Wednesday, June 6, 2012

Blue cranes in the Graaff-Reinet district

This article was written on July 16, 2005. (To see the images larger, please press shift and left click.)

Karoo splendour. The view from our accommodation on the farm, Groenvlei.

The air was perfectly still, the mid-winter sky a cloudless blue. Then we heard it: a clucking, chuckling sound, coming from the heavens.
     Looking up, we saw two large Vs, each comprising about 20 long-necked birds. They flew over in almost perfect formation, like something out of a children’s picture book.
     I consulted the oracle, Luke, now 14 years old, who was engaged in a titanic battle on the tennis court with younger brother Douglas, then a day or two short of his 12th birthday. 
     Luke had read up on the 200-odd bird species that have been spotted at Groenvlei, a guest farm about 60km north-west of Graaff-Reinet. After a cursory glimpse skywards and without a pair of binoculars immediately to hand, he suggested the birds – mere silhouettes at that height – might be crowned cranes. We left it at that, having just arrived at the farm after a rather tricky 40-kilometre trip along gravel backroads from Nieu-Bethesda.

Such is digital photography. My hundreds of shots taken at the Owl House in Nieu Bethesday, have got lost in the ether. Fortunately, I did a few sketches.

     Visiting the Owl House in that quaint hamlet for the first time in 22 years, I was amazed at how much more tourist-friendly, and well-maintained, it was than back in 1983 when I was last there. Was Helen Martins, whose example of “outsider art” is such a remarkable achievement, a bird lover? I wondered. Certainly owls are not the dominant life-form in her amazing concrete-animal-packed garden, but they do have powerful symbolic importance.

My photos of Graaff-Reinet have also disappeared. This drawing of Retief House Museum I did in the 1980s.

     Our trip north from Port Elizabeth had started a day earlier, in early July, 2005. We spent an evening in Graaff-Reinet where we soaked up some of that wonderful town’s history. Established in 1786, it is reputedly the fourth oldest town in the country, and boasts more national monuments than any other. Stand in Parsonage Street, and you get the picture. To the north is the façade of the historic Drostdy Hotel (1806), while at the opposite end of the street stands the equally impressive Reinet House (1812), both fine examples of Cape Dutch architecture.
     On the trip along rutted gravel from the N9 north of Graaff-Reinet to Nieu-Bethesda, few birds of note were seen. Even in the village, we looked in vain for house sparrows, which we’d expected to see. Luke did, however, spot a couple of raptors on poles along the next stretch to Groenvlei, the merino farm of Johann and Lynn Minnaar, including a steppe buzzard, jackal buzzard and pale chanting goshawk.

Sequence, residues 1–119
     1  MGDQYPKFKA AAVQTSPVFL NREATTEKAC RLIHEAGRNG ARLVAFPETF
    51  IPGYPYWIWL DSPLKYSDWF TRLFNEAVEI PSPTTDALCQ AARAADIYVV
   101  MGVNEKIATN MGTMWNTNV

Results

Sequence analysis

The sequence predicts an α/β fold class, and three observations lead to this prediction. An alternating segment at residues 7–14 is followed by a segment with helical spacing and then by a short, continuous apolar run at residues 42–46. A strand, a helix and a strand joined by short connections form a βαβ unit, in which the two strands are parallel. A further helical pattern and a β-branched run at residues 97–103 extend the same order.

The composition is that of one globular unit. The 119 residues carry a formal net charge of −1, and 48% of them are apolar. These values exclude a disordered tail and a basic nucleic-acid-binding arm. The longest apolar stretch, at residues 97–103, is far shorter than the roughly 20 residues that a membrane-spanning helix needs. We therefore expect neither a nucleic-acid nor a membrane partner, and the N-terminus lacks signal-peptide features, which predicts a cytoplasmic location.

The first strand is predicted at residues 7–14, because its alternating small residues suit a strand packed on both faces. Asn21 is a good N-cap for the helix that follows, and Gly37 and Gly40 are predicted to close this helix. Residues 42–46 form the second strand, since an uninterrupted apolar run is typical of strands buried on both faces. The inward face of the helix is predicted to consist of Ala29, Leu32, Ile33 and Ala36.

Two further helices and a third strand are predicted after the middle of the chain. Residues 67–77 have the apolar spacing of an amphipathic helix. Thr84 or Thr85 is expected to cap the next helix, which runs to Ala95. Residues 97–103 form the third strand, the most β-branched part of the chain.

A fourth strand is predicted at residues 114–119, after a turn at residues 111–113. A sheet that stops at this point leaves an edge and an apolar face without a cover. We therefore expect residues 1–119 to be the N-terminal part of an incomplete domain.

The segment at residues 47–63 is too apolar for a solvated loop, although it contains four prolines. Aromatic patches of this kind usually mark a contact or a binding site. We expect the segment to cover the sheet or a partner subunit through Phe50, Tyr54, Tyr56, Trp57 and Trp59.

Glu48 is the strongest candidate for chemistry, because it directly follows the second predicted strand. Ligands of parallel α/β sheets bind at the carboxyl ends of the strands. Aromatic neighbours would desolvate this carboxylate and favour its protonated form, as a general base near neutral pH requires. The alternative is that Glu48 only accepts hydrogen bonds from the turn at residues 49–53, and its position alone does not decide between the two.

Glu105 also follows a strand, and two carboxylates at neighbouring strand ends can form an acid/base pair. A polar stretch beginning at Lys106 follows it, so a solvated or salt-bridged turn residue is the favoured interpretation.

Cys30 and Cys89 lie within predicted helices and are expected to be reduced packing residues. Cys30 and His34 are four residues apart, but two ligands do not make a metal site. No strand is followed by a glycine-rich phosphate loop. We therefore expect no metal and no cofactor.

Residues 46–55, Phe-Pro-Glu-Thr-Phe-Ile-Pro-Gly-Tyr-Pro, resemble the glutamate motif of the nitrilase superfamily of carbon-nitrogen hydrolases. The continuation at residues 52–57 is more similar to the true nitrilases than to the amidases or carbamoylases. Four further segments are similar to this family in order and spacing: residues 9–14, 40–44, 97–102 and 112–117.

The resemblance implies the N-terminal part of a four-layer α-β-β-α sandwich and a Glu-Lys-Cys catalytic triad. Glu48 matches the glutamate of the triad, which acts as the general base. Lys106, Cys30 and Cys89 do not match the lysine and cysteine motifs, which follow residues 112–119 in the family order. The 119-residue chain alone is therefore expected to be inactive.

Our accommodation at Groenvlei.

      Settling into the southern wing of the former manager’s home – several self-catering guest houses cluster around a shared games and dining room – our two boys soon made use of the racquets and balls provided to get up a quick game of tennis. As the afternoon set in, the stillness of the Karoo – a high-pressure system ensured day after day of perfect weather – gradually soothed our city nerves. Our batteries recharged, we availed ourselves of one of the dozen or more planned and signposted hikes, each expertly explained in special pocket-sized booklets, including colour photographs. Since it was fairly late, we opted for a short walk of a couple of kilometers, the Sunset Stroll.

A pied starling (source:

     As usual, Robyn and Douglas set out ahead, while Luke and I, binoculars at the ready, brought up the rear. Before long it became obvious that the Karoo was home at this time of year to a large number of Cape sparrows and pied- and red-winged starlings, and Cape turtle doves galore. Yes, after years of battling to see these iconic-sounding doves, I was suddenly unable to venture anywhere without hearing, and seeing, them, although I still found them far less brazen than the redeye or laughing dove as they stuck to the tops of trees.
     So Luke and I trudged past a prickly pear plantation and a field still wet from a carefully managed water flow from a nearby dam, until we reached another smaller dam, where the others had halted. It was then that a trio of rather large, long-necked birds flew fairly low overhead. Binoculars trained on them, we watched in awe as we came to the realisation that they were blue cranes, our national bird. We watched as they landed gracefully a few hundred metres away. Suddenly I became aware of splashes of blue-grey on a low hill about 300 metres away. I started counting. At least 40 blue cranes were foraging away – clearly the same birds we had seen flying over us a few hours earlier.